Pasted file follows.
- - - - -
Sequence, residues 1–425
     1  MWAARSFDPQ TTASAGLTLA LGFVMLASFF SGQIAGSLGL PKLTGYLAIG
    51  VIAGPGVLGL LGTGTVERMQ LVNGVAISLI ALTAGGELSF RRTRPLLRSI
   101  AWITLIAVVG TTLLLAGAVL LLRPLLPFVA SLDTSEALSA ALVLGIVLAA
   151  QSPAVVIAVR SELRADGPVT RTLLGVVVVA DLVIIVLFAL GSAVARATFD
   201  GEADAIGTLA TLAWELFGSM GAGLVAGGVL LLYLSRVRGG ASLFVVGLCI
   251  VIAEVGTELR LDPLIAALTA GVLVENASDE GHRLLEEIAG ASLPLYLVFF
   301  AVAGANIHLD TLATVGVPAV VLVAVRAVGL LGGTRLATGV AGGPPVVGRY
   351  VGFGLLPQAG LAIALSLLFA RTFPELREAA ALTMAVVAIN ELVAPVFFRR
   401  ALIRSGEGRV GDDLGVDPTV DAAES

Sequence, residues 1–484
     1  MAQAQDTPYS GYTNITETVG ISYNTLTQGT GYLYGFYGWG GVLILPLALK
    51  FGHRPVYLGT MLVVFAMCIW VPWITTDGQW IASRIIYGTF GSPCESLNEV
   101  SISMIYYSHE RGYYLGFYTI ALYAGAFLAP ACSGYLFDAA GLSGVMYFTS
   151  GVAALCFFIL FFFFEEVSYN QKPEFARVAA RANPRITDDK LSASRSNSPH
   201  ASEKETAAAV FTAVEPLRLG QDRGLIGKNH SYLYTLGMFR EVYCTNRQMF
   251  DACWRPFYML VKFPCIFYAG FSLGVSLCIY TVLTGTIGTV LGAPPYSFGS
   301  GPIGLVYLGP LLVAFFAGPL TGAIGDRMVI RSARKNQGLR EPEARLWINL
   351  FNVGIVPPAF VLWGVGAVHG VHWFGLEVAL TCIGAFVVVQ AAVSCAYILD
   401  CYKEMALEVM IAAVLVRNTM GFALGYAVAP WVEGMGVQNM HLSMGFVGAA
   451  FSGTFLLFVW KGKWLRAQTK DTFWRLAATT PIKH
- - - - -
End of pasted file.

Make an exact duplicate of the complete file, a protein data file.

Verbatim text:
Sequence, residues 1–425
     1  MWAARSFDPQ TTASAGLTLA LGFVMLASFF SGQIAGSLGL PKLTGYLAIG
    51  VIAGPGVLGL LGTGTVERMQ LVNGVAISLI ALTAGGELSF RRTRPLLRSI
   101  AWITLIAVVG TTLLLAGAVL LLRPLLPFVA SLDTSEALSA ALVLGIVLAA
   151  QSPAVVIAVR SELRADGPVT RTLLGVVVVA DLVIIVLFAL GSAVARATFD
   201  GEADAIGTLA TLAWELFGSM GAGLVAGGVL LLYLSRVRGG ASLFVVGLCI
   251  VIAEVGTELR LDPLIAALTA GVLVENASDE GHRLLEEIAG ASLPLYLVFF
   301  AVAGANIHLD TLATVGVPAV VLVAVRAVGL LGGTRLATGV AGGPPVVGRY
   351  VGFGLLPQAG LAIALSLLFA RTFPELREAA ALTMAVVAIN ELVAPVFFRR
   401  ALIRSGEGRV GDDLGVDPTV DAAES

Sequence, residues 1–484
     1  MAQAQDTPYS GYTNITETVG ISYNTLTQGT GYLYGFYGWG GVLILPLALK
    51  FGHRPVYLGT MLVVFAMCIW VPWITTDGQW IASRIIYGTF GSPCESLNEV
   101  SISMIYYSHE RGYYLGFYTI ALYAGAFLAP ACSGYLFDAA GLSGVMYFTS
   151  GVAALCFFIL FFFFEEVSYN QKPEFARVAA RANPRITDDK LSASRSNSPH
   201  ASEKETAAAV FTAVEPLRLG QDRGLIGKNH SYLYTLGMFR EVYCTNRQMF
   251  DACWRPFYML VKFPCIFYAG FSLGVSLCIY TVLTGTIGTV LGAPPYSFGS
   301  GPIGLVYLGP LLVAFFAGPL TGAIGDRMVI RSARKNQGLR EPEARLWINL
   351  FNVGIVPPAF VLWGVGAVHG VHWFGLEVAL TCIGAFVVVQ AAVSCAYILD
   401  CYKEMALEVM IAAVLVRNTM GFALGYAVAP WVEGMGVQNM HLSMGFVGAA
   451  FSGTFLLFVW KGKWLRAQTK DTFWRLAATT PIKH